Network, Facility And Security
If you plan to take an Internet uplink from the colocation provider, and especially if you plan to use that uplink for you primary Internet connection, you’ll want to work with a provider that blends at least 2-3 major carriers at their core via BGP, and makes routes for all three available on your uplink. This means two things to you:
- 1. Your connectivity will contain the maximal number of routes (pathways) for data packets to travel, yielding the best chances for high availability and low latency;
- 2. You’ll have a transparent fail-over in the event of a single carrier going offline, without having to build it yourself.
You also want to know that the provider has built their network for high availability and redundancy – will it handle hardware failures as well as network outages, with little or no downtime? If you are taking a network drop from the provider as a backup to a primary Internet connection that you order separately from a dedicated carrier, this may not be as important to you. However, if the provider is at all serious about the quality of their offering, it should be robust.
A colocation facility that has super-fast, scale-able connections to the Internet is a must. Their “house blend” (if offered) should contain at least 2-3 Tier 1 carriers, as mentioned above, and speeds of 10Gbps or greater should be readily available to you. Don’t think you’ll ever need that much bandwidth? It does not matter – the fact is, the facility as a whole could see very high demand, and the capacity needs to be there, regardless of your individual requirements. Beware of providers who oversell bandwidth – this is quite common! Once they start to push the limits of their upstream connection(s), degraded performance can be expected as too many packets will be fighting for their limited capacity. Don’t be afraid to ask for an IP address target within their network, against which you can run some packet tests to see how their response times hold up.
Colcation data centers can vary widely as to what they offer the client. You’ll want a facility that offers you 24/7 physical access, and that is staffed around the clock with technical support personnel to assist you if needed. You’ll want security features, like secured access to the Colocation data center floor and other sensitive areas, multi-factor authentication, closed circuit TV monitoring, and access logging for all visitors. You’ll want the power they provide you to be fully conditioned and backed up by UPS and a continuous source generator – the ability to add A/B power at your cabinet may be important to you some day, so that’s another feature to look for. Finally, you’ll want environmental controls which optimize the cooling delivered to your equipment – things like active feedback control systems and cold-aisle isolation are definite pluses.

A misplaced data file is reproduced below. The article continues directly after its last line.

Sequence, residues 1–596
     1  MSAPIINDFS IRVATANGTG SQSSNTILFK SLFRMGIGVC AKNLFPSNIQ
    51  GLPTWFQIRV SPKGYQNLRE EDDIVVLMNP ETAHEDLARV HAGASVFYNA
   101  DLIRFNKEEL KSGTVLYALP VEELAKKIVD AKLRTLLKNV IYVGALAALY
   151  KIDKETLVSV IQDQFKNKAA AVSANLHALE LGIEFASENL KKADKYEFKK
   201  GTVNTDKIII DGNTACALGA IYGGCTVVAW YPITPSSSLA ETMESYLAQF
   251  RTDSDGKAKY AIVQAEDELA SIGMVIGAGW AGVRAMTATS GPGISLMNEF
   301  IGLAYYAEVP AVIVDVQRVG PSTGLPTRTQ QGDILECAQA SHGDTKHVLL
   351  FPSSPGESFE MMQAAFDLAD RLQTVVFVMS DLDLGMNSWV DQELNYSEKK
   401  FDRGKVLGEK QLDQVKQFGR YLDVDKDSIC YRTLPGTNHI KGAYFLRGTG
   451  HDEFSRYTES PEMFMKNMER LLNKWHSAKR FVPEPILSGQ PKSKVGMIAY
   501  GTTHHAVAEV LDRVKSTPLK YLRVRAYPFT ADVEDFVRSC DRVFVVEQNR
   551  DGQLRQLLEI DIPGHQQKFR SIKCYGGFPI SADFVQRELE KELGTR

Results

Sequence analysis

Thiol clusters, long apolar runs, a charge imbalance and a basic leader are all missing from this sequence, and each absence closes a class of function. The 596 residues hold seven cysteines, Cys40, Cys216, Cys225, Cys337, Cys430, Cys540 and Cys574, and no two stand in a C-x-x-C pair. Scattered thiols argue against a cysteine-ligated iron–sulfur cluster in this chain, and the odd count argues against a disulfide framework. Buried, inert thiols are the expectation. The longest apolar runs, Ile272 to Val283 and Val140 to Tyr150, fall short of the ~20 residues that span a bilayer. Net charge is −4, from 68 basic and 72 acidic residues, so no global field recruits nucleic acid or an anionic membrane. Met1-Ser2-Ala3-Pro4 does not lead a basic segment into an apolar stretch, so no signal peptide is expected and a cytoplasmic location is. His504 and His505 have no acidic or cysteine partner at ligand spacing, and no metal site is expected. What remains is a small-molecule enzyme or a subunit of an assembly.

A tier system exists for rating data center infrastructure design topologies. Tier levels range from I – IV, with each higher number representing a greater level of availability, redundancy and fault tolerance. A in-depth examination of data center tiers can be found here. When choosing a provider, limit your candidates to tier III and tier IV facilities. Anything lower is no bargain, no matter how cheap the quoted price for service.
Security And Compliances
Security is a hot-button issue these days. Everyone is concerned about the safety of their online data, which means that, as an entity with a online presence, you must also be concerned or at least aware of a security issues and how they can affect both you and your customers. While colocation is largely a “hands off” service from the perspective of the provider, their is an aspect of the total security landscape that is the responsibility of your provider. From physical access to the colocation space that houses your servers, to logical security of the data center’s network, your provider must support the total security of your colocation in the areas that they administer.
Data centers that have undergone and passed an independent security audit will be able to produce reports attesting to their compliance to one or more standards, such as SSAE (Statement on Standards for Attestation Engagements) 16, or the newer SOC (Service Organization Control) 2 and SOC 3. In plain language, what this means is that an independent auditing firm performed in a in-depth examination and inspection of the data center’s procedures, controls and documentation to ensure that all meet or exceed a published standard which is designed to ensure system security and data integrity. A key part of this is that the audit was performed by an independent third party – there is no governing body that will certify compliance to these standards, and therefor any entity can perform a self-assessment and declare themselves to be in compliance. The third party audit, typically performed by an accounting firm, adds a very important extra layer of assurance that the data center is truly conforming to the prescribed controls. While SSAE 16 or SOC 2/3 compliance does not guarantee that a security incident will never take place, it does demonstrate that the risk of an incident has been minimized to the degree possible, that appropriate responses in the event of an incident are documented and enforced.